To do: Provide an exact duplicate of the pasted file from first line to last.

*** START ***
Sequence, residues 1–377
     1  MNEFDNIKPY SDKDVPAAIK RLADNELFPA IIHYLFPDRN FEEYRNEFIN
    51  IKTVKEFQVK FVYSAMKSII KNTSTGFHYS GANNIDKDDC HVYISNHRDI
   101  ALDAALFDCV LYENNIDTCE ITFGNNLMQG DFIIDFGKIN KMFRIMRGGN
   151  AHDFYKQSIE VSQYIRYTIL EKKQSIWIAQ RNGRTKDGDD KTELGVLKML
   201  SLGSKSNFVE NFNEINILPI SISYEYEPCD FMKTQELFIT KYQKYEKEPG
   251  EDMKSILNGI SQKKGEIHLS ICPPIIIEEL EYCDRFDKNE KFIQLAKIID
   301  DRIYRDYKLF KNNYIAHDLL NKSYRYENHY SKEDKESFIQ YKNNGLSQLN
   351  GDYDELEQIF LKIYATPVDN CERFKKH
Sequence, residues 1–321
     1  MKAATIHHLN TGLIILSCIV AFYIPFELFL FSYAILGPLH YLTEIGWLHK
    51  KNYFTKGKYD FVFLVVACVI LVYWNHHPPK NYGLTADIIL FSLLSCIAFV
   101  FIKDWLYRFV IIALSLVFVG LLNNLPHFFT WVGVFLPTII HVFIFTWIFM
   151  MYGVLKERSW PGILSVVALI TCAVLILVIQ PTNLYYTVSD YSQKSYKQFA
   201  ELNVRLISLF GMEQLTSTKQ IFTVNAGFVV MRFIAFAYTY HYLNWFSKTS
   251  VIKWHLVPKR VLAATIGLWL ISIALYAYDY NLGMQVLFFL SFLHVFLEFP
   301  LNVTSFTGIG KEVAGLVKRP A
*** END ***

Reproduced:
Sequence, residues 1–377
     1  MNEFDNIKPY SDKDVPAAIK RLADNELFPA IIHYLFPDRN FEEYRNEFIN
    51  IKTVKEFQVK FVYSAMKSII KNTSTGFHYS GANNIDKDDC HVYISNHRDI
   101  ALDAALFDCV LYENNIDTCE ITFGNNLMQG DFIIDFGKIN KMFRIMRGGN
   151  AHDFYKQSIE VSQYIRYTIL EKKQSIWIAQ RNGRTKDGDD KTELGVLKML
   201  SLGSKSNFVE NFNEINILPI SISYEYEPCD FMKTQELFIT KYQKYEKEPG
   251  EDMKSILNGI SQKKGEIHLS ICPPIIIEEL EYCDRFDKNE KFIQLAKIID
   301  DRIYRDYKLF KNNYIAHDLL NKSYRYENHY SKEDKESFIQ YKNNGLSQLN
   351  GDYDELEQIF LKIYATPVDN CERFKKH
Sequence, residues 1–321
     1  MKAATIHHLN TGLIILSCIV AFYIPFELFL FSYAILGPLH YLTEIGWLHK
    51  KNYFTKGKYD FVFLVVACVI LVYWNHHPPK NYGLTADIIL FSLLSCIAFV
   101  FIKDWLYRFV IIALSLVFVG LLNNLPHFFT WVGVFLPTII HVFIFTWIFM
   151  MYGVLKERSW PGILSVVALI TCAVLILVIQ PTNLYYTVSD YSQKSYKQFA
   201  ELNVRLISLF GMEQLTSTKQ IFTVNAGFVV MRFIAFAYTY HYLNWFSKTS
   251  VIKWHLVPKR VLAATIGLWL ISIALYAYDY NLGMQVLFFL SFLHVFLEFP
   301  LNVTSFTGIG KEVAGLVKRP A